Maturational brain changes in regions of the brain implicated in sensorimotor and cognitive functions are believed to be associated with improvement in these functions (Greene, Braet, Johnson, & Bellgrove, 2008). Thus, deviation from the typical developmental trajectory of cortical thickness in frontal and temporal brain regions may underlie impairments in social and communication functions in ASD. Few studies have examined the relation between cortical thickness abnormalities and ASD symptom severity (Hadjikhani, Joseph, Snyder, & Tager-Flusberg, 2006; Hardan, Libove, Keshavan, Melhem, & Minshew, 2009), although these studies indicated that cortical thinning over a 2-year period in the frontal lobes (Hardan et al., 2009), and thinner cortices in frontal, temporal and parietal regions in adults with ASD (Hadjikhani et al., 2006), were associated with more severe social impairments. The age-range in both studies was narrow and did not examine morphological changes related to ASD symptomatology in children and adults. As ASD are a group of neurodevelopmental disorders, age-related changes in brain morphology are crucial to understanding the neurobiology and how it relates to changes in behaviour over time.
In the current cross-sectional study, we assessed cortical thickness in a cohort of 53 individuals with and without ASD spanning childhood, adolescence and adulthood. In addition, we assessed the relation between cortical thickness in specific regions implicated in social and communication functions and symptom severity. In this latter analysis, a priori regions of interest (ROIs) included anterior cingulate cortices (ACC), medial prefrontal cortices (mPFC), orbital frontal cortices (OFC), inferior frontal gyri (IFG), the superior temporal gyri (STG) and fusiform gyri because of their involvement in social behaviours and communication (Baron-Cohen & Belmonte, 2005).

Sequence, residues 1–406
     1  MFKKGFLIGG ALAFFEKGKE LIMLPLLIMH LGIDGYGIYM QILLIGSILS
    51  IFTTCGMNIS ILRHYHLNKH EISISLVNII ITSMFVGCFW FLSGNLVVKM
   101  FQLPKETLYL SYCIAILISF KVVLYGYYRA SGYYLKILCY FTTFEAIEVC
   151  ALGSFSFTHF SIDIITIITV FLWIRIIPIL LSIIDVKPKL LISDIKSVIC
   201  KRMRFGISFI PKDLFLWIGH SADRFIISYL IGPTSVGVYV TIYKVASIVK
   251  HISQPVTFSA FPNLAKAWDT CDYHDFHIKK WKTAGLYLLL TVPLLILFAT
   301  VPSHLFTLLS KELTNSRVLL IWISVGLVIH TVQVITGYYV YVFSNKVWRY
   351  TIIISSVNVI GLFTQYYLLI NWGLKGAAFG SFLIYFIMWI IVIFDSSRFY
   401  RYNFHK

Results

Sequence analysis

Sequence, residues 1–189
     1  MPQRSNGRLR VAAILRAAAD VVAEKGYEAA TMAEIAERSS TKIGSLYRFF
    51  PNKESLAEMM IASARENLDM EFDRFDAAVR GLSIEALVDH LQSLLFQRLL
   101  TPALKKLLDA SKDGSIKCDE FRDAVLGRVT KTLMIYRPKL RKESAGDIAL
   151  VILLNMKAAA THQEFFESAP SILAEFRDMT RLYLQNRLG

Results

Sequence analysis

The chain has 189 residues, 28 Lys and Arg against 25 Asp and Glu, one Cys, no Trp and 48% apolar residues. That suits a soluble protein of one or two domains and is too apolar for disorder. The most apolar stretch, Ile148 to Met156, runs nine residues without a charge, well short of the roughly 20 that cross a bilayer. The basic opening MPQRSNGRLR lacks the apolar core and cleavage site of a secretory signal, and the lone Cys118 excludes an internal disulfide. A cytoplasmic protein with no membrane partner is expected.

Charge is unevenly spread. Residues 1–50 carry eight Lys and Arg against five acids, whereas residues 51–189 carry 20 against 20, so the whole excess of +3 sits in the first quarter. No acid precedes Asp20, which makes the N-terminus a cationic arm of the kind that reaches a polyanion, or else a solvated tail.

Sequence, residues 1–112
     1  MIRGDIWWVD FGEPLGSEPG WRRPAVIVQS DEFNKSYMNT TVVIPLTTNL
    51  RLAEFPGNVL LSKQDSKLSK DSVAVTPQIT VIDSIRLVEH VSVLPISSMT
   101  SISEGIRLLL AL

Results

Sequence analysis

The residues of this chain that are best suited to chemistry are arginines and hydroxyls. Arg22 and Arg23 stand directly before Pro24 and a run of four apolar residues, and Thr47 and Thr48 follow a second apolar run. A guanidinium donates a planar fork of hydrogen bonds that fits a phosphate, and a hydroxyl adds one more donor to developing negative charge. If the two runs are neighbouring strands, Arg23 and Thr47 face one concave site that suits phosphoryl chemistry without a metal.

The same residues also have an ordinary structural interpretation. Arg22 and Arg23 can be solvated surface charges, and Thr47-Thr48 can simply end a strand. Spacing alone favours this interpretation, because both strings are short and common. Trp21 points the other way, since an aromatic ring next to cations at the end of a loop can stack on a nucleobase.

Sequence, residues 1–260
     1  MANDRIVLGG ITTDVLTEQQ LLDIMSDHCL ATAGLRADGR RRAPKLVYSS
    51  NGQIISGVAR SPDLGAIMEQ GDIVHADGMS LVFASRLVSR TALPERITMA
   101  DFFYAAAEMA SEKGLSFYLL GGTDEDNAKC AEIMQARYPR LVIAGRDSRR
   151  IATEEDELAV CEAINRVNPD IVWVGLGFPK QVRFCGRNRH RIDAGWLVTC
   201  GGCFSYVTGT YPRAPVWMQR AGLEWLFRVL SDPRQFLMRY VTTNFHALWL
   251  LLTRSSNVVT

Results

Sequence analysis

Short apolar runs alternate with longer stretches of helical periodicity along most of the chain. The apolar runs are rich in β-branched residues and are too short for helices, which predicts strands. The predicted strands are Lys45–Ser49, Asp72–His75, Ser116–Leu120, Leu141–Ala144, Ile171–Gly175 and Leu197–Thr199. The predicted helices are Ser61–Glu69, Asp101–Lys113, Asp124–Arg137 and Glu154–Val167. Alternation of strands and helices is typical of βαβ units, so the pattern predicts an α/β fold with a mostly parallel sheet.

This study was approved by the Mount Sinai School of Medicine Institutional Research Board (IRB) and conducted in accordance with its guidelines. Written informed consent was obtained from all participants 18 years of age and older. Younger participants provided written informed assent and parents provided written informed consent in accordance with IRB guidelines.
Seventy-one participants between the ages of 7 and 39 years who were enrolled in magnetic resonance imaging (MRI) studies at Mount Sinai School of Medicine were evaluated for inclusion [children: 7–21 years, n = 41; ASD = 25, typically developing children = 16; adults: 22 years and older, n = 30; ASD = 15, typically developing adults = 15]. Participants with ASD were clinically diagnosed according to the Diagnostic and Statistical Manual of Mental Disorders, 4th Edition (DSM-IV) and were recruited from the Seaver Autism Center at Mount Sinai School of Medicine. Their diagnoses were then confirmed using the Autism Diagnostic Observational Schedule (ADOS) (Lord et al., 2000) and the Autism Diagnostic Interview-Revised (ADI-R) (Lord, Rutter, & Le Couteur, 1994). Typically developing individuals were recruited from the community using newspaper advertisements. All participants had a full scale IQ of greater than 70 as estimated by either the Wechsler Intelligence Scale for Children-fourth edition (WISC-IV; Wechsler, 2003) or the Wechsler Adult Intelligence Scale-fourth edition (WAIS-IV; Wechsler, 2008).
Participants were excluded if they had a primary psychiatric diagnosis (in addition to ASD in the ASD group) or a medical history of neurological disease, including but not limited to epilepsy/seizure disorder (except simple febrile seizures), movement disorder, tuberous sclerosis, fragile X, and any other known genetic syndromes, or known abnormal MRI/structural lesion of the brain. Typically developing individuals were also excluded if they had a first-degree relative with ASD. All participants indicated that they were right-handed.